Christopher Weed's giant "Red Paperclips"

Sculptor Christopher Weed will contribute his unique art to the Fine Arts Center's spring offering, Conflict Resolution.

Earlier this fall, Weed's giant "Red Paperclips" installed downtown in front of the COPPeR offices garnered an article from the Denver Post.

"(O)ne of the most successful public art projects to come to the Front Range this year. Perched in front of the Plaza of the Rockies office building in Colorado Springs, the piece consists of — as its no-nonsense title makes clear — two giant, 24-foot paper clips leaning against each other. It's an easy-to-like diversion for the downtown crowd, whimsical and deeply fascinating at the same time." Read the complete article and interview with Weed here.

FAC mentioned in Westword article about DAM's Lewis Sharp

In a nice article about the retiring Denver Art Museum Director, Lewis Sharp, Michael Paglia writes, "(H)e transformed the DAM from the rather modest place it was into a nationally renowned regional museum. In thinking about it, it's impossible to overstate the positive effect he's had on the DAM and, by extension, on the city itself. In fact, he's remade the museum in so many different ways that it wouldn't be an exaggeration to say he's had a greater effect on the institution than anyone else in its 100-year-plus history."

The FAC adds its congratulations to Lewis for all he has done for art in the state of Colorado. He is a true gentleman and friend.

Later in the article ... Paglia remarks on Sharp's effect on the DAM permanent collection:

"To give you an idea of how much the DAM's permanent collection has changed during Sharp's reign, consider that a generation ago, the collection at the Colorado Springs Fine Arts Center was generally regarded as being more important."

Read the complete story here. previews 'NASA | ART'

"Haven't made it to the Smithsonian's National Air and Space Museum in Washington, D.C.? Good news--it's coming to you! Well, some of it, at least. The Colorado Springs Fine Arts Center will present NASA ART: 50 Years of Exploration, organized by the Smithsonian and NASA. The exhibit opens Friday and runs through Mar. 7." Read the complete story here.

Westword previews 'NASA | ART'

"The mysteries of space have always held the power to inspire art. With that in mind, NASA created an art program in 1962, calling upon the talents of everyone from Norman Rockwell to Andy Warhol to explore and illustrate the beauty, majesty and wonder of exploring the last, greatest frontier." Read the complete article here.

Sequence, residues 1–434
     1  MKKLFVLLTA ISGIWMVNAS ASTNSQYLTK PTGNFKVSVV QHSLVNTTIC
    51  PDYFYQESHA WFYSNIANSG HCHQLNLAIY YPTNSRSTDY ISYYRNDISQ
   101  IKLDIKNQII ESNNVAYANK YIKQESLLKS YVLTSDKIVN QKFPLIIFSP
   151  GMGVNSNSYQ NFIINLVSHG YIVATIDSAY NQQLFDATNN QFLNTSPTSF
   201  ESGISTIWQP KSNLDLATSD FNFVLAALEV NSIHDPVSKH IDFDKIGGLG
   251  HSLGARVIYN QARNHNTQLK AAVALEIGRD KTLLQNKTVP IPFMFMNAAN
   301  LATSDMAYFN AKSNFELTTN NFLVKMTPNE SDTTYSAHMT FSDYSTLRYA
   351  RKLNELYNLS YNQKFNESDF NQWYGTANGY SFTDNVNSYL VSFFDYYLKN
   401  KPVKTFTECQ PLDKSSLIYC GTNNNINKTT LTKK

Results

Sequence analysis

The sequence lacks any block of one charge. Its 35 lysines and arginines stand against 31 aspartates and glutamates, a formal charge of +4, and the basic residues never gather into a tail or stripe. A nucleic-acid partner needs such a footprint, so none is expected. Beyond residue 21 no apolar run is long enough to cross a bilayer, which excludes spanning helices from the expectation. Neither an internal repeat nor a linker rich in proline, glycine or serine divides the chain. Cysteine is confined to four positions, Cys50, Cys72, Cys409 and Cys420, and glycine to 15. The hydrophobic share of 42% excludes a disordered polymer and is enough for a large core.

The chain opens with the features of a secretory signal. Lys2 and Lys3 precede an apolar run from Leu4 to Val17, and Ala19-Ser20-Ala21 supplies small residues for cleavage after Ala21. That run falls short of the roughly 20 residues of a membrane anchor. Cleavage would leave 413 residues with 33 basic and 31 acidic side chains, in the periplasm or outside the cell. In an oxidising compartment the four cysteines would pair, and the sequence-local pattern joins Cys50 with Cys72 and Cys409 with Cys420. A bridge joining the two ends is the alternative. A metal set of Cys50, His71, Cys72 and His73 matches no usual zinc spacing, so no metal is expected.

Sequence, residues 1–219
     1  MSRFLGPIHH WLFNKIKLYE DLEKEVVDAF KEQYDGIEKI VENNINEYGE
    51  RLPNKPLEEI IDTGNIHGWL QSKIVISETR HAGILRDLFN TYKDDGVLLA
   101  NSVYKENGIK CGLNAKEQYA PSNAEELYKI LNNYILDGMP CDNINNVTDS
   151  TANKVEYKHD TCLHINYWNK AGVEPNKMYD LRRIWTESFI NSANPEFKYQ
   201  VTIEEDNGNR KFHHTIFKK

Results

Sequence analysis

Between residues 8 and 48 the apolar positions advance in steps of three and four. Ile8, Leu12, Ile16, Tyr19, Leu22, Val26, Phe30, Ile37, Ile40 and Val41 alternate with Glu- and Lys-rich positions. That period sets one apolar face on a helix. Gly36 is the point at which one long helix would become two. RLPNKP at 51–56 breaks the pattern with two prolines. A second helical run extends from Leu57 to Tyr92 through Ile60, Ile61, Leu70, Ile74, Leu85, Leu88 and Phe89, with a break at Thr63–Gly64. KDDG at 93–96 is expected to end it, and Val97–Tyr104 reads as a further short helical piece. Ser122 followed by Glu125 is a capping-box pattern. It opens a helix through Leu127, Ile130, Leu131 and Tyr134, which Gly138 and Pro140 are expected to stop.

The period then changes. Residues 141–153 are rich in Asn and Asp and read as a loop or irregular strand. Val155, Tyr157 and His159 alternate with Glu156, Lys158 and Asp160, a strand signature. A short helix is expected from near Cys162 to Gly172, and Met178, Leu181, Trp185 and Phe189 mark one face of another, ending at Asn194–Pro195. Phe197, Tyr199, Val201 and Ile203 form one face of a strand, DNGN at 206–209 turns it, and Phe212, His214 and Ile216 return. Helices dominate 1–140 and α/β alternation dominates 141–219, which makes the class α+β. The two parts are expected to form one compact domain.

Westword's Michael Paglia remembers two Colorado Springs artists

"Based on my experience — and my files — I figure there are 300 serious contemporary artists in Colorado. I make note of this because three of them died in November, which strikes me as a pretty high number. On November 8, Elaine Calzolari succumbed to cancer (Artbeat, November 19); on November 10, Jeremy Hillhouse died after a long struggle with spine damage; and on November 23, veteran abstractionist Al Wynne died, also of cancer."

Both Hillhouse and Wynne were born in Colorado Springs. Wynne's paintings (see picture) was recently featured at the FAC in the exhibition, "Colorado Springs Abstract." Read the complete story here.

Dec 16, 2009

Geoff Lasko: Teaching at Bemis ... one of the most rewarding experiences I have ever had

Member registration is underway for Bemis School of Art's winter/spring session of classes, and non-members can start signing up on Jan. 4. Here's the first of a series of blog posts from Bemis instructors.

Teaching art at the Bemis School is one of the most rewarding experiences I have ever had. There are few feelings that compare to seeing the light come on in someone's eyes or seeing someone make a breakthrough. There is a very special relationship of trust between the instructor and the student. I am so grateful to be given that trust and hopefully develop a friendship as well as a working relationship with my students. Art-making is a life long learning experience. We are all on the road to learning. Some are farther along than others, but there is no end to the road. I think that is the great joy of the art life.

— Geoff Lasko, Bemis Instructor

Dec 7, 2009

Building a Timeline of Space Exploration

The NASA Art program, opening on December 18, will include an interactive gallery that allows visitors to further explore space and art. Located just beyond the Vance Kirkland and Monica Aiello galleries, the Discovery Space will feature an illustrated timeline of the history of space exploration. The timeline tracks man’s advances toward space exploration, from the earliest examinations of the night sky and celestial phenomena, to the technological advances that allowed us to leave the bounds of Earth. The gallery will also contain monitors playing Powers of 10, a 1977 short documentary by Ray and Charles Eames, and Trip to the Moon, a 1902 French black and white film directed by Georges Méliès. An interactive station will provide visitors with access to activities and further resources on space. The Discovery Space will also showcase art by Bemis School of Art Students, including sculptures made out of a unique kind of precious metal clay developed by NASA.

Working as an intern at the Fine Arts Center, I have had the opportunity to work on the Discovery Space, my main task being to research and put together the timeline. Now, having finally arrived at the final stage, installation, I find myself looking at piles of events, images, and objects, and the difficult challenge of creating visual order and clarity with them. There is a lot to fit on this timeline, especially as you near the 21st century, when fast-paced developments in rocket science and astronomical knowledge occurred! I know, however, that the final result will be fun and interesting, and I am excited to see this project come to fruition.